The group Open Secrets, which tracks the influence of money in US politics, finds consistently that US House and Senate seats are won, nine times out of ten, by the candidate who spends the most money. According to the Centre for Responsive Politics, “The cost of winning a seat in Congress–more than $1 million in the House and millions more in the Senate–is prohibitive for most people. Many politicians get elected and re-elected to Congress simply because no one can afford to take them on.” (26) Incumbency has become a sinecure in American politics. More than 97 percent of Congressmen, and 86 percent of Senators won re-election in 2008. The situation resembles the unreformed British Parliament of the late 18th century, when most country seats went uncontested because they were monopolized by the landed gentry, and MPs could not be elected without their patronage.

The 2008 US election cost more than $5 billion dollars. Barak Obama ran his campaign with promises of “Change we can believe in” and declared that he would do things the people wanted, like stop the wars in Iraq and Afghanistan and to close down Guantanamo Bay Concentration Camp. Two years later, and President Obama has not only not stopped the wars, he has extended the wars into Pakistan and now Libya, and has declared that the President has the right to assassinate US citizens. His financial administration is made up of veterans of Goldman Sachs and other big banks at the centre of the criminal conspiracy of Wall Street. Obama raised more money from Wall Street than did John McCain.

Many Americans and others have observed that business corporations, with the legal status of immortal persons under law, (though the legitimacy of that claim is suspect, it is conventionally observed) now control American politics.

There are more than twelve thousand lobbyists in Washington, working on behalf of private interests, mostly US and international business corporations and banks, using the power of money to manipulate the laws of the United States so as to favour them. (27) Lobby groups employ teams of lawyers who present draft bills to Congressmen and Senators. The best-connected lobbyists are former Congressmen. (28) Many bills are so complicated and so long, and the time given to Congress to review them so short, that they are often passed without being read. (29)

What good is it to elect a “representative” who won’t even read the legislation she is voting on? Is this not merely a token representation? Is not this representative merely a cipher?

Why do lawmakers keep on renewing the USA Patriot Act even though a majority of Americans have long been opposed to the Act?

The USA Patriot Act, which strips Americans of many of their civil liberties, was on the desk of the President on September 24th, only 13 days after September 11th 2001. The bill was drafted well before September 11th the date of the incident that allegedly occasioned its necessity.

Introduced into the US House of Representatives on October 2nd, two Senators, Russ Feingold and Tom Daschle attempted to slow the passage of the Bill. On October 9th, Daschle’s office received envelopes containing weaponized anthrax spores, as did an NBC and New York Post office, in an attack that remains a taboo subject in US media. (30) What’s certain is that the kind of anthrax received by the Senators is of the type that is only manufactured by the US Military, at Fort Derrick. Five people were killed and 17 became ill after handling the infected letters. The Patriot Act was then passed on October 23rd, with Feingold the only US Senator to vote against it. According to US Congressman Ron Paul, most congressmen passed this Bill without first reading it, largely because the full text was deliberately withheld from legislators by the Bush government. (31)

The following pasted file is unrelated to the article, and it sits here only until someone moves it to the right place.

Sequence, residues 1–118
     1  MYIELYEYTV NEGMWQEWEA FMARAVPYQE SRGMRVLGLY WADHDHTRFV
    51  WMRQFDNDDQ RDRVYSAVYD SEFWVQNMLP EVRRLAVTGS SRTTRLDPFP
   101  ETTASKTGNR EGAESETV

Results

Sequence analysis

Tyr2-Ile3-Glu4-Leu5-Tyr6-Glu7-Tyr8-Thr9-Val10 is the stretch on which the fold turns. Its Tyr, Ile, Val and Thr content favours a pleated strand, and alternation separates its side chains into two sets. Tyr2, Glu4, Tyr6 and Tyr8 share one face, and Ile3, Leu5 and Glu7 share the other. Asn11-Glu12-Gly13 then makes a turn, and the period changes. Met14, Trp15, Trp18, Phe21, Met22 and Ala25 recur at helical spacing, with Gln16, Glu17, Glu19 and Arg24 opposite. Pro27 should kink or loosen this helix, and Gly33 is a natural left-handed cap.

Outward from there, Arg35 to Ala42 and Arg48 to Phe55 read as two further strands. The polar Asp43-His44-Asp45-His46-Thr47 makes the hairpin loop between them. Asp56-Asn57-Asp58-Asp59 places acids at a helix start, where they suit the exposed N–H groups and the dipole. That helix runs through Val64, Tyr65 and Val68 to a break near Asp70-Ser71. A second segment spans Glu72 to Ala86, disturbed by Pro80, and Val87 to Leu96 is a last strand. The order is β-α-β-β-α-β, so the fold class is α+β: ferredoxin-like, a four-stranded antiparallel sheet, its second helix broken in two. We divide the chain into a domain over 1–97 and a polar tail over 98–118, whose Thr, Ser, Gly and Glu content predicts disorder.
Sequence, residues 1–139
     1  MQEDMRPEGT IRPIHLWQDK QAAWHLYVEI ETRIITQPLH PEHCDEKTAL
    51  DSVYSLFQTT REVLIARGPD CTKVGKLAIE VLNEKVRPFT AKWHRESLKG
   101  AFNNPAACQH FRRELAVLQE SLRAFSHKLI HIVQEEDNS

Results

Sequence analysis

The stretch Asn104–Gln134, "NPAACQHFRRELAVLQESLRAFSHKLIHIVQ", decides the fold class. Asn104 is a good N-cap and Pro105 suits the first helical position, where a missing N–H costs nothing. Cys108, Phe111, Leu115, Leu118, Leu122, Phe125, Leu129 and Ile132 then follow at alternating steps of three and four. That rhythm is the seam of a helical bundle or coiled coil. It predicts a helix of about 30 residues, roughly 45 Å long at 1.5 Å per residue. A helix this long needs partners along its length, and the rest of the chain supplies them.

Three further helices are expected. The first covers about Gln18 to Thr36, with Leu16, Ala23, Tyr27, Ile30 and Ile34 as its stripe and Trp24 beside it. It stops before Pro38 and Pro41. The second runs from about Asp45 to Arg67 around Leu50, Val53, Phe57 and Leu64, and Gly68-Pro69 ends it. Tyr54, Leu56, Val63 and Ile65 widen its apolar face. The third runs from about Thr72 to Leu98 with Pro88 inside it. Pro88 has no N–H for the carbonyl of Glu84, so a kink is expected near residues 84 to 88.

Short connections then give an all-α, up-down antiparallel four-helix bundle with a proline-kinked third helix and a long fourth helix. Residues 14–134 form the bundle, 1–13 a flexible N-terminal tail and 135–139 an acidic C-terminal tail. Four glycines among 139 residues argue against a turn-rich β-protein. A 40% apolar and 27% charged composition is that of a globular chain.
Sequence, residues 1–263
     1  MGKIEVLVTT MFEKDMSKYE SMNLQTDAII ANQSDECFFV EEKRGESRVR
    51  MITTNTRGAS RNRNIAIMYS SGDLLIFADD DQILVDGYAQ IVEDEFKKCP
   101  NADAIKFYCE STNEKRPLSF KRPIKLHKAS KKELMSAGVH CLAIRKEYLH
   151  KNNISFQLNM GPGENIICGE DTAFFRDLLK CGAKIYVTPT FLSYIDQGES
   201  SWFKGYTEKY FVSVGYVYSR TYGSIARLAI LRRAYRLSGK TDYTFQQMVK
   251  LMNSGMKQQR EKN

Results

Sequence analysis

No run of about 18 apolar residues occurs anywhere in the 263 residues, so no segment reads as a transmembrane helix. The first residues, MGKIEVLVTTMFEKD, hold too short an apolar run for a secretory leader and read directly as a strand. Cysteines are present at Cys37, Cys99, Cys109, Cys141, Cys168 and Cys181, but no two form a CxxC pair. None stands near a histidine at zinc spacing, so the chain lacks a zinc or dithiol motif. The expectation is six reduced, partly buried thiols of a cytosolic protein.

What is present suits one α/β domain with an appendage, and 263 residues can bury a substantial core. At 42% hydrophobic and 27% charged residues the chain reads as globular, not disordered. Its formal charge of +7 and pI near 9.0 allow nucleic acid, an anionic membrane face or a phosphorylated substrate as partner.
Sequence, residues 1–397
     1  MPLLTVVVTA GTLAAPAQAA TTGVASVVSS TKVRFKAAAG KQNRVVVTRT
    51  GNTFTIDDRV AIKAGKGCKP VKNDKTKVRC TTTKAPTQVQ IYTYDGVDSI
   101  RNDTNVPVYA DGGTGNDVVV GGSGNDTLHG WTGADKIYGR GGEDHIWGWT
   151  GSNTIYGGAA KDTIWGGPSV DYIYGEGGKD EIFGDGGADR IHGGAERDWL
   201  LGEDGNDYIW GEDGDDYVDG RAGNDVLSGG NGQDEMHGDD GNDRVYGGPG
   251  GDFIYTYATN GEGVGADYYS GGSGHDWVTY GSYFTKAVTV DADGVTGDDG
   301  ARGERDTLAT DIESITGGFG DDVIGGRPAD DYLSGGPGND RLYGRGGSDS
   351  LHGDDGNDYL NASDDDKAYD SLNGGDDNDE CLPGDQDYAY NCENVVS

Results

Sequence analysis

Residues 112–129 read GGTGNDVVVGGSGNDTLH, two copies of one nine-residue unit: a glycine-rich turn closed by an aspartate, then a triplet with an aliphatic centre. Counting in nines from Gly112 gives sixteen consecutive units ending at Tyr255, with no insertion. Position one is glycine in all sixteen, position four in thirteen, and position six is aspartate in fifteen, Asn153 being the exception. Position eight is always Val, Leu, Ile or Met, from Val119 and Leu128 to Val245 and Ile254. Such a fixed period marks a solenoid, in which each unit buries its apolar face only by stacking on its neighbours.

In the intervening decade, government encroachment on the rights of Americans has only increased, legally justified by a legal theory supporting a kind of “royal prerogative” called “the unitary executive” advanced by the Federalist Society. This doctrine holds that the President of the United States is all-powerful and immune from legal restraints, much like a monarch who holds the power of life and death over his subjects. The US President can now simply declare that a person is a terrorist, and one’s rights to “life, liberty and the pursuit of happiness” are forfeit, without any due process of law. US President Barak Obama has recently asserted the “right” of the President to order the extra-judicial execution of suspected terrorists, and is busy carrying out targeted drone strikes against suspects in Yemen and Pakistan under this legal cover. These strikes often kill women and children.

The Patriot Act flows out of the legal philosophy of the unitary executive. The Act makes it a crime to “give material support to terrorists.” The terms of reference are deliberately vague, and allow the government to go after political activists doing solidarity work with oppressed groups in Colombia and Palestine, which is exactly what the US government is doing. (32) So the Patriot Act thus negates the First Amendment protecting free speech and the right to freedom of association.

The Act allows the US government to spy on its own citizens without any evidence of wrongdoing. The government had erected a vast electronic eavesdropping system which records every phone call, every email, fax and text message sent not only by every American, but which also vacuums up the private conversations of many people in foreign countries. Spy cameras mounted in urban centres, ATMs and other public places are used to track the movements of citizens. Massive amounts of private information are available to government bureaucrats, corporations and state security agencies. Yet citizens who want information on what their government is doing, on what the corporations connected to the government are doing must submit Freedom of Information Requests and endure a labyrinthine bureaucracy. What information they might obtain might be heavily or completely redacted, in the “interest of national security.” The right to privacy is gone. The right to know is gone along with it.